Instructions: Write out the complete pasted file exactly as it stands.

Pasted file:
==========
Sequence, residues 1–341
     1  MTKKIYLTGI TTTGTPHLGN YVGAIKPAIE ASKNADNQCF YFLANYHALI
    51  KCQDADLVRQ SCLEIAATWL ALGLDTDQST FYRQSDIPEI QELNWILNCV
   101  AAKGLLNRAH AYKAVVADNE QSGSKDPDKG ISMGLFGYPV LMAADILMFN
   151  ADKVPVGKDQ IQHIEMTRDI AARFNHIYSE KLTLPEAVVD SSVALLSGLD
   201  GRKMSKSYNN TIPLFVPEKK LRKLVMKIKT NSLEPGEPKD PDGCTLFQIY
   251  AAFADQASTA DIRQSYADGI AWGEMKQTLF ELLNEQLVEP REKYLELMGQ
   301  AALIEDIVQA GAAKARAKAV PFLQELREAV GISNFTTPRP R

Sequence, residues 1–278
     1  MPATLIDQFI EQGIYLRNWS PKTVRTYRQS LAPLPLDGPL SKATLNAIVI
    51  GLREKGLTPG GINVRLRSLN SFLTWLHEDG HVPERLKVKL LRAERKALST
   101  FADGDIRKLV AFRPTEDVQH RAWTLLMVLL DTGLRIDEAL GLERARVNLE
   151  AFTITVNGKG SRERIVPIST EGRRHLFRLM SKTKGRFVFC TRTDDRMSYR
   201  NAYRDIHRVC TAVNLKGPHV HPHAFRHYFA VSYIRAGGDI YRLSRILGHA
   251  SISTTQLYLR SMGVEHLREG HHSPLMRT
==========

Sequence, residues 1–341
     1  MTKKIYLTGI TTTGTPHLGN YVGAIKPAIE ASKNADNQCF YFLANYHALI
    51  KCQDADLVRQ SCLEIAATWL ALGLDTDQST FYRQSDIPEI QELNWILNCV
   101  AAKGLLNRAH AYKAVVADNE QSGSKDPDKG ISMGLFGYPV LMAADILMFN
   151  ADKVPVGKDQ IQHIEMTRDI AARFNHIYSE KLTLPEAVVD SSVALLSGLD
   201  GRKMSKSYNN TIPLFVPEKK LRKLVMKIKT NSLEPGEPKD PDGCTLFQIY
   251  AAFADQASTA DIRQSYADGI AWGEMKQTLF ELLNEQLVEP REKYLELMGQ
   301  AALIEDIVQA GAAKARAKAV PFLQELREAV GISNFTTPRP R

Sequence, residues 1–278
     1  MPATLIDQFI EQGIYLRNWS PKTVRTYRQS LAPLPLDGPL SKATLNAIVI
    51  GLREKGLTPG GINVRLRSLN SFLTWLHEDG HVPERLKVKL LRAERKALST
   101  FADGDIRKLV AFRPTEDVQH RAWTLLMVLL DTGLRIDEAL GLERARVNLE
   151  AFTITVNGKG SRERIVPIST EGRRHLFRLM SKTKGRFVFC TRTDDRMSYR
   201  NAYRDIHRVC TAVNLKGPHV HPHAFRHYFA VSYIRAGGDI YRLSRILGHA
   251  SISTTQLYLR SMGVEHLREG HHSPLMRT